Long-Term Data Released on eli-cell, a Cerebral Adrenoleukodystrophy Treatment

bluebird bio has created a gene therapy for the treatment of cerebral adrenoleukodystrophy (CALD), which is now making its way through a clinical development program. According to Businesswire, bluebird has released data from two studies: the Phase 3 ALD-104 trial and the Phase 2/3 Starbeam study. All research divulged to the public was presented at the 47th Annual Meeting of the European Society for Blood and Marrow Transplantation.

About Adrenoleukodystrophy

Adrenoleukodystrophy (ALD) is a rare, genetic disorder that is characterized by damage to the myelin sheath, which is the protective covering around the nerve cells in the brain. Very long chain fatty acids are able to build up in the nervous system and adrenal gland, causing the characteristic symptoms of the disease. There are multiple forms of this condition, such as Addison’s disease, adrenomyeloneuropathy, cerebral ALD (CALD), and female ALD. CALD sees symptoms like seizures, hearing and vision loss, muscle spasms, progressive dementia, issues swallowing, crossed eyes, attention deficit disorder, progressive intellectual decline, aggressive behavior, and the additional symptoms that are seen in Addison’s disease.

These symptoms are the result of a mutated ABCD 1 gene, which is carried on the X-chromosome. Because of this, males are affected more often than females, as they do not have the extra X chromosome to mask the defective gene if it is inherited. The mutation stops the body from breaking down very long chain fatty acids, leading to an accumulation and the destruction of the myelin sheath. Current treatments for this condition are symptomatic and supportive, although there are possible therapies in various stages of the research process.

Data Presented

bluebird bio released data from two of their trials: the Phase 3 ALD-104 trial and the Phase 2/3 Starbeam study. Both investigate bluebird’s investigational elivaldogene autotemcel (eli-cell) gene therapy as a treatment for those living with CALD. Overall, the data was positive, showing that patients live without major functional disabilities (MFDs) for a substantial amount of time.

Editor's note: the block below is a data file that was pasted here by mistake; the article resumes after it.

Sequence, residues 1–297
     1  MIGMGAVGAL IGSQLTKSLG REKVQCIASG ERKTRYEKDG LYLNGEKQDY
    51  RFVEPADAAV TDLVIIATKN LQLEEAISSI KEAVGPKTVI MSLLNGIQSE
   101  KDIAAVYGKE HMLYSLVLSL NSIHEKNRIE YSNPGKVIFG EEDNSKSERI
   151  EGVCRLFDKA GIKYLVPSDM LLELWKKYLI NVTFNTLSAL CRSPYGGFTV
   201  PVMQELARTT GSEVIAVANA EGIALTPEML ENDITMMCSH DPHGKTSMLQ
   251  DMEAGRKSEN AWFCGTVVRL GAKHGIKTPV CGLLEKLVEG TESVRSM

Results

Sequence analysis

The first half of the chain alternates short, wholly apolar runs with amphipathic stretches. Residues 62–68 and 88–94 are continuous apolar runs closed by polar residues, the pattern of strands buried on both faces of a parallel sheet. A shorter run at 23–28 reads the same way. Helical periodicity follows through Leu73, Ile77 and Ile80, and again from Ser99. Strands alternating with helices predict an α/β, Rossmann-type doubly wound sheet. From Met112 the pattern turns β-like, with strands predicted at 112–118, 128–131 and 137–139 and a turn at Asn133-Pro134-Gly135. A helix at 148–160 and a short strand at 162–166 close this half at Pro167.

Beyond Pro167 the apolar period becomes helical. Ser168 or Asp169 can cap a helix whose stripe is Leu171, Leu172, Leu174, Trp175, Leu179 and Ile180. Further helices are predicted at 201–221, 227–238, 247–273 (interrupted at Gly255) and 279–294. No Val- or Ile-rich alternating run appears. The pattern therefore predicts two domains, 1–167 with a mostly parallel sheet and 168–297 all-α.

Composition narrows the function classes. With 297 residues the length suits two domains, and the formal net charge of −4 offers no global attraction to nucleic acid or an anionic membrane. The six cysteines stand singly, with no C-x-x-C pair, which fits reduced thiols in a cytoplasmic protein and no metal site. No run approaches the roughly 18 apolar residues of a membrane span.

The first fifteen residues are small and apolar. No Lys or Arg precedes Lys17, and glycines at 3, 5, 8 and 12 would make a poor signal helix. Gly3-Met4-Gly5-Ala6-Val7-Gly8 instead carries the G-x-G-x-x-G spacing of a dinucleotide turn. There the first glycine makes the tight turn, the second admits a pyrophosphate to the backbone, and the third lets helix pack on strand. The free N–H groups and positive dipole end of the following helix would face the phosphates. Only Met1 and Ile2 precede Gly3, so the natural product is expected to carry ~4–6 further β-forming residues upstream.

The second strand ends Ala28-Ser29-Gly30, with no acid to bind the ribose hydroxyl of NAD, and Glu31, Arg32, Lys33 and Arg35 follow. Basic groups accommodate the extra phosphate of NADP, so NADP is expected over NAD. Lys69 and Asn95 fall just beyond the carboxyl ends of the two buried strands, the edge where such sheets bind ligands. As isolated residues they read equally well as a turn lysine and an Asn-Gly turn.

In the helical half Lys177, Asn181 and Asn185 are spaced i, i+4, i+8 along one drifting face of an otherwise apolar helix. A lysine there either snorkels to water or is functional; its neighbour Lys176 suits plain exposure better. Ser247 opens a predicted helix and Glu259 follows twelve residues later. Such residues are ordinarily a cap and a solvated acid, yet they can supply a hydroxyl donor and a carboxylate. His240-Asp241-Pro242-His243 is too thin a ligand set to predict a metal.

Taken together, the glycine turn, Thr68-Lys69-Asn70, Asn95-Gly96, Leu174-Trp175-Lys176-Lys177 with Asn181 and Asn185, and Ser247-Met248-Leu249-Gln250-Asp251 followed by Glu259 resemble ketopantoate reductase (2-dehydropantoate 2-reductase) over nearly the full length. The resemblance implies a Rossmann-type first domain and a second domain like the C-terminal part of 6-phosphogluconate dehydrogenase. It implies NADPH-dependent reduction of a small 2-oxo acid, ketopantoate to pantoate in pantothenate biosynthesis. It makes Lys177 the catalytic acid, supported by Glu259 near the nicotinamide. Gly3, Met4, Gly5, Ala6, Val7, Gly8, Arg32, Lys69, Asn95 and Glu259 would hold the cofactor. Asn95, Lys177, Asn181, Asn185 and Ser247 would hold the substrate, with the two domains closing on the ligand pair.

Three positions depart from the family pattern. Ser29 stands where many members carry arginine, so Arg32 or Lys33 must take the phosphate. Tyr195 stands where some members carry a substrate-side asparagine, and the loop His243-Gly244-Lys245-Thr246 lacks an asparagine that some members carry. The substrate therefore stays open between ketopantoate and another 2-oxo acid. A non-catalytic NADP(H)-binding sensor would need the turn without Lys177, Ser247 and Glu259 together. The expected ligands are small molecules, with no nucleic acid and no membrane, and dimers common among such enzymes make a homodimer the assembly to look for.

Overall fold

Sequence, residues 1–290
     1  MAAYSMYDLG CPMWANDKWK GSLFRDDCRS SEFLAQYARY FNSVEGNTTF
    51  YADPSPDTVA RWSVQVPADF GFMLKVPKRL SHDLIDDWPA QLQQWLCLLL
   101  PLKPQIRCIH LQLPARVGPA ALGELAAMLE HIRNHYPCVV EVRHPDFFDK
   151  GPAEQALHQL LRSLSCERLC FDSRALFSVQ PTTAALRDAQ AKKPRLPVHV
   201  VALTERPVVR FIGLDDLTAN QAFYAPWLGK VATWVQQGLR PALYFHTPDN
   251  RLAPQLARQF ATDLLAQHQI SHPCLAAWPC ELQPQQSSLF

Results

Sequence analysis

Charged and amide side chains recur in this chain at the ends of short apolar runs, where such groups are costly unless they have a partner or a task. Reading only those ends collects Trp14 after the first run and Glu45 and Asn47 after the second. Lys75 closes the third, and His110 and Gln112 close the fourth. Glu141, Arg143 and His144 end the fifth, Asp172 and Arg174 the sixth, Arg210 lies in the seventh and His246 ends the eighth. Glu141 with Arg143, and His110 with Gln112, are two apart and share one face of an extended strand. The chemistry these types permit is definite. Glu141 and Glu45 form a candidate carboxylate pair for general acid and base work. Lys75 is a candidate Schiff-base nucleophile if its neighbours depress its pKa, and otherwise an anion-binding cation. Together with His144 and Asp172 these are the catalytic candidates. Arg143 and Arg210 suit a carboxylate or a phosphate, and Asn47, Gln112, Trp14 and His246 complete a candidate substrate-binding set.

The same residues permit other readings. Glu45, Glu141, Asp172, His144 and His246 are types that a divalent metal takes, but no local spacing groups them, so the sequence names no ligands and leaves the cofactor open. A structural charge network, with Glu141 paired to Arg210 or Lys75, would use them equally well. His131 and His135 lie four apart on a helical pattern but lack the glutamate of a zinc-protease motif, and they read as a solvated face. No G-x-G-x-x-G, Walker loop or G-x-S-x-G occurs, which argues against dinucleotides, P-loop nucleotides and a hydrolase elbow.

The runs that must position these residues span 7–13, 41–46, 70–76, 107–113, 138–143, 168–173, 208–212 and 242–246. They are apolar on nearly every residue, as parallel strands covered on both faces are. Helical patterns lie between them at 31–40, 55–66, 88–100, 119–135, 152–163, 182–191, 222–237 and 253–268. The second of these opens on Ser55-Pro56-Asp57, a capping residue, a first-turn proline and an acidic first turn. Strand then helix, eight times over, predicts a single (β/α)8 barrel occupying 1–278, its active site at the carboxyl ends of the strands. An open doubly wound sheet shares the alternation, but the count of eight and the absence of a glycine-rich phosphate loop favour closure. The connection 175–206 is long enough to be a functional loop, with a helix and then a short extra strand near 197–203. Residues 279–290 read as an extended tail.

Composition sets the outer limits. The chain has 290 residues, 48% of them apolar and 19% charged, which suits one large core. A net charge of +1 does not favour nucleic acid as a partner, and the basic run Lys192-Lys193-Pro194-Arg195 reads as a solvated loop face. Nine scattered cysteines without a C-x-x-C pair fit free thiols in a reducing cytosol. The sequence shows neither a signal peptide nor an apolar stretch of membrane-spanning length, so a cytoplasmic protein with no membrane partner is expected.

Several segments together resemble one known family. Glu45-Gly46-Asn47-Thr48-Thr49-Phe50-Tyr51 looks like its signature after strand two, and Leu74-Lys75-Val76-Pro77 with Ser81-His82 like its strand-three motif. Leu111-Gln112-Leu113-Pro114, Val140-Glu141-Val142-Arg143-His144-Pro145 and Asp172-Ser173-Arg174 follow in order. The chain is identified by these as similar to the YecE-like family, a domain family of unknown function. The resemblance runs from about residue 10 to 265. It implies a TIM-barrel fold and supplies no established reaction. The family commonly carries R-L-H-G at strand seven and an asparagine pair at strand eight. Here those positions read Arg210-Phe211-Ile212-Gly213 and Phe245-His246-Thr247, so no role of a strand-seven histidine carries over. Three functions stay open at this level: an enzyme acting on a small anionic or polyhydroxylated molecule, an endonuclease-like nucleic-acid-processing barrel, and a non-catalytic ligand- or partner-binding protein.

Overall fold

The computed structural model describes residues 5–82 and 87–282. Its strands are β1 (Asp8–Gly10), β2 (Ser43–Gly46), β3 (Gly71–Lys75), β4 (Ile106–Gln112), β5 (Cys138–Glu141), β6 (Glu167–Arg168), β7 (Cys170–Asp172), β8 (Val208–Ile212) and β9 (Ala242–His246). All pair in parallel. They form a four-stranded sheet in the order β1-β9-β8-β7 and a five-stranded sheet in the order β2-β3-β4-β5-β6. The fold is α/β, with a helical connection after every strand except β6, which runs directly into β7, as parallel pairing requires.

Looking towards bluebird’s gene therapy, we see that it is a one-time treatment that is intended to add two working copies of the ABCD1 gene into one’s hematopoietic stem cells using the Lenti-D lentiviral vector. If successful, this treatment can preserve neurological function by stabilizing disease progression.

Phase 2/3 Starbeam Study

32 patients were given eli-cell in this trial, 27 of whom completed the study and participated in the follow-up (LTF-304). Researchers focused on the primary endpoint of the study, which was to be alive and free of MFDs two years after treatment. This goal was met; no patients have shown any signs of MFDs after nearly seven years of tracking. Other results include:

  • Gadolinium enhancement was resolved
  • Improvements in neurologic function score
    • 23 patients maintained a score of 0 (no observed impairment), and all but one had a stable neurologic function score
  • Improvements in Loes score
    • 26 patients had stable scores
  • No cases of Graft versus Host disease, graft failure, graft rejection, replication-competent lentivirus, or insertional oncogenesis
  • Three adverse events were reported, one of which was serious
  • Overall safety and tolerability profile was found to be favorable

Phase 3 ALD-104 Trial

This study evaluated eli-cell’s effect on patients who were treated with a different chemotherapy regimen beforehand (busulfan and cyclophosphamide). The goal was the same as the Starbeam study: patients remaining alive and MFD-free after two years. In terms of the safety endpoint, researchers looked for the number of patients with neutrophil engraftment after treatment.

There has not been as much time for follow-up in this trial – 19 patients were treated and followed for 8.6 months – when compared to the Starbeam study, leading bluebird to only release safety data. Efficacy data will be added after there has been a substantial amount of time for follow-up. Data includes:

  • 17 participants reached neutrophil engraftment
  • 15 participants reached platelet engraftment
  • No cases of Graft versus Host disease, graft failure, graft rejection, replication-competent lentivirus, or insertional oncogenesis
  • The safety and tolerability profile matched previous research
  • There were two serious adverse events, both patients are now clinically stable

Looking Forward

bluebird is excited by future research into this gene therapy, as current data shows that it has the potential to improve the lives of cerebral adrenoleukodystrophy patients. Find the source article here.

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